So here’s what can happen in Blue!: anything. Everything. There are no rules to follow (well, almost: jumping off stacks of blocks is a no-go). The pieces are all blue to engender a blank slate. In keeping with this spirit, the entire exhibit space—walls, floor, you name it—will also be blue. And related programming will spring from this theme as well: from the blue moon to the deep blue sea.

“We’ve been looking for something that has a different twist to it,” Bateman says. “Blue! will be strikingly different than anything else in the building, so we hope it attracts new audiences.”

Blue! and the Imagination Playground isn’t Carnegie Museums’ first foray into incorporating unconventional playgrounds into its exhibit spaces. “Lozziwurm,” the crayon-red, yellow, and orange wiggle-shaped play structure, lives on the Museum of Art’s front lawn, inviting both children and adults to reconsider how they might interact with contemporary art before they even enter the building. Swiss sculptor Yvan Pestalozzi designed the Lozziwurm in 1972; though more than 100 of these tube-like playthings are scattered across European playgrounds, Pittsburgh’s is the first in the United States, debuting last spring as part of The Playground Project, a key element of the 2013 Carnegie International.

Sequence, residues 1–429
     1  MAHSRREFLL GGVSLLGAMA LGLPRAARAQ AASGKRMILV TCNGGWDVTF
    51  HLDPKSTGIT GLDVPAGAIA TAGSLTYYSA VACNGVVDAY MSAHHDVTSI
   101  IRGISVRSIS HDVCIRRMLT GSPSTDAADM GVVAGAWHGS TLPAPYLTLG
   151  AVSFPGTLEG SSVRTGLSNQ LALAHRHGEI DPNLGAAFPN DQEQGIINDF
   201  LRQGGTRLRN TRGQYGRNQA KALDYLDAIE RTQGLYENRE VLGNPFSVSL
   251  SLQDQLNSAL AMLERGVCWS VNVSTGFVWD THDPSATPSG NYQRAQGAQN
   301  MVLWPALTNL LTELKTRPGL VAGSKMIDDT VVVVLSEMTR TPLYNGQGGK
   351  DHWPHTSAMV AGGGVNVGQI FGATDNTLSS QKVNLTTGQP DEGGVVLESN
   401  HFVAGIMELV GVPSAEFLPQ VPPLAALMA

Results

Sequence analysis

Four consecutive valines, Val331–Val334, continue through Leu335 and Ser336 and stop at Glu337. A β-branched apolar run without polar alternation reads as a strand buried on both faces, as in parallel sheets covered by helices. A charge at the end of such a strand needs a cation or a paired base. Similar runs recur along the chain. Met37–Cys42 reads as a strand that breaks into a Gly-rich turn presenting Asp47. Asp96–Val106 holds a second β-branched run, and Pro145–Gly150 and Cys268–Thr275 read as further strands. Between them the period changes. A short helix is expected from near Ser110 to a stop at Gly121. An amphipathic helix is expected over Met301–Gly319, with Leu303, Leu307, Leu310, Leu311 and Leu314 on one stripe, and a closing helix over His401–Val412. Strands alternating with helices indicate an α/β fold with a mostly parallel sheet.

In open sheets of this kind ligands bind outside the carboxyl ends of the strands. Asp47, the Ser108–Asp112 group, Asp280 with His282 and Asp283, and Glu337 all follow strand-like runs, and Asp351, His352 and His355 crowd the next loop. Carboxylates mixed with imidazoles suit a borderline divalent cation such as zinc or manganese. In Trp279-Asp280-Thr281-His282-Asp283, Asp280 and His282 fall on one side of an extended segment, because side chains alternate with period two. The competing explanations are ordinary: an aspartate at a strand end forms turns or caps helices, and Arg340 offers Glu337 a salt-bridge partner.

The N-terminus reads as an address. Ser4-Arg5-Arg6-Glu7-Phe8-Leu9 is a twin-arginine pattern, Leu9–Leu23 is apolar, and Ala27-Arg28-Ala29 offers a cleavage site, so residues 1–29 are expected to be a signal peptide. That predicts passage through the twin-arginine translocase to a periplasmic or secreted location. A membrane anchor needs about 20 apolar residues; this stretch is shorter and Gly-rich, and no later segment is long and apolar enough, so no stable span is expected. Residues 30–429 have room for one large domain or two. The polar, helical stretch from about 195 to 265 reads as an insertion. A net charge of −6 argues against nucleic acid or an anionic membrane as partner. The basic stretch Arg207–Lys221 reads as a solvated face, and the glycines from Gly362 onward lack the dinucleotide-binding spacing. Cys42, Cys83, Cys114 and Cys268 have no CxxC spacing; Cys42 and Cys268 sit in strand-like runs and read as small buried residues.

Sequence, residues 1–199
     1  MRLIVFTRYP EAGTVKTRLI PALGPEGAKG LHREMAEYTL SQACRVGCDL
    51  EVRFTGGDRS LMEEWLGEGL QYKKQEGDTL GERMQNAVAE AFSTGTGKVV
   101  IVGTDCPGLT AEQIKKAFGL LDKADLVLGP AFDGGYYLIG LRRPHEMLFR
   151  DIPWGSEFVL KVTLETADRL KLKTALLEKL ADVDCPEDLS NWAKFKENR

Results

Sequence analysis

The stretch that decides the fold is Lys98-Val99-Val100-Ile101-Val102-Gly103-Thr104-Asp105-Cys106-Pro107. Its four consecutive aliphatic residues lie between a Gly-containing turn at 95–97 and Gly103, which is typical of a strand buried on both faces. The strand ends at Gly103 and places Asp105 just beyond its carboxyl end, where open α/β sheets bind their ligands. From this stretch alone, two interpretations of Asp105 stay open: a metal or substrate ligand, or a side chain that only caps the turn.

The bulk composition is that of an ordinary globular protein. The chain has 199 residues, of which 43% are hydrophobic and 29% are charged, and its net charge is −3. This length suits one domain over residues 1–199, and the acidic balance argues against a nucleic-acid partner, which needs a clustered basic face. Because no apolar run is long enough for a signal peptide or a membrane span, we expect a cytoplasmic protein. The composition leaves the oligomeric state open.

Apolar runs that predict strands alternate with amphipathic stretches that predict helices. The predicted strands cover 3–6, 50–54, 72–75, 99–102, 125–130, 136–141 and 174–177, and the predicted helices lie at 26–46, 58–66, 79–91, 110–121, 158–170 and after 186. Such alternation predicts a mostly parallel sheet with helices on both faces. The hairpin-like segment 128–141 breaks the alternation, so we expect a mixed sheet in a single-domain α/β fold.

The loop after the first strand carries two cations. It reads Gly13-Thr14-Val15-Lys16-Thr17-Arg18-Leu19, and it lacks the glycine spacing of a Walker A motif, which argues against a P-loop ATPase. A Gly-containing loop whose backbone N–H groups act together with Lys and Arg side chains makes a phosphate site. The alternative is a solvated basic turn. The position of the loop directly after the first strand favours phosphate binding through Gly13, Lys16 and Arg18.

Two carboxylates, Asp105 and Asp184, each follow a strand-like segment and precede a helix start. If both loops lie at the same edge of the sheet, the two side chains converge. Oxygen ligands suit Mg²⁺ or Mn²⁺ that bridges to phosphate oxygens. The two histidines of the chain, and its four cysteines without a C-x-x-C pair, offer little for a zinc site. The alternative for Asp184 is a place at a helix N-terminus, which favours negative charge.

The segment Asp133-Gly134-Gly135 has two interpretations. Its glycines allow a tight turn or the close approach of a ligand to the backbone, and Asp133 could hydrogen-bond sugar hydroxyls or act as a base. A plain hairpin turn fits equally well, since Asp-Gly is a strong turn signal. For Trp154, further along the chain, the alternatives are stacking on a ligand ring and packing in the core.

In addition to the full-sized Imagination Playground, Blue! will house a half-sized set and a table-top version for different levels of grossand fine-motor development, both of which were offered off-menu by Imagination Playground’s developer, the Rockwell Group.

Bateman says that, in addition to working with varying motor-skill levels, the multi-sized blocks allow for “the idea of prototyping. If you build something with the small set, what happens when you scale it up? It’s like how architects and engineers use models.”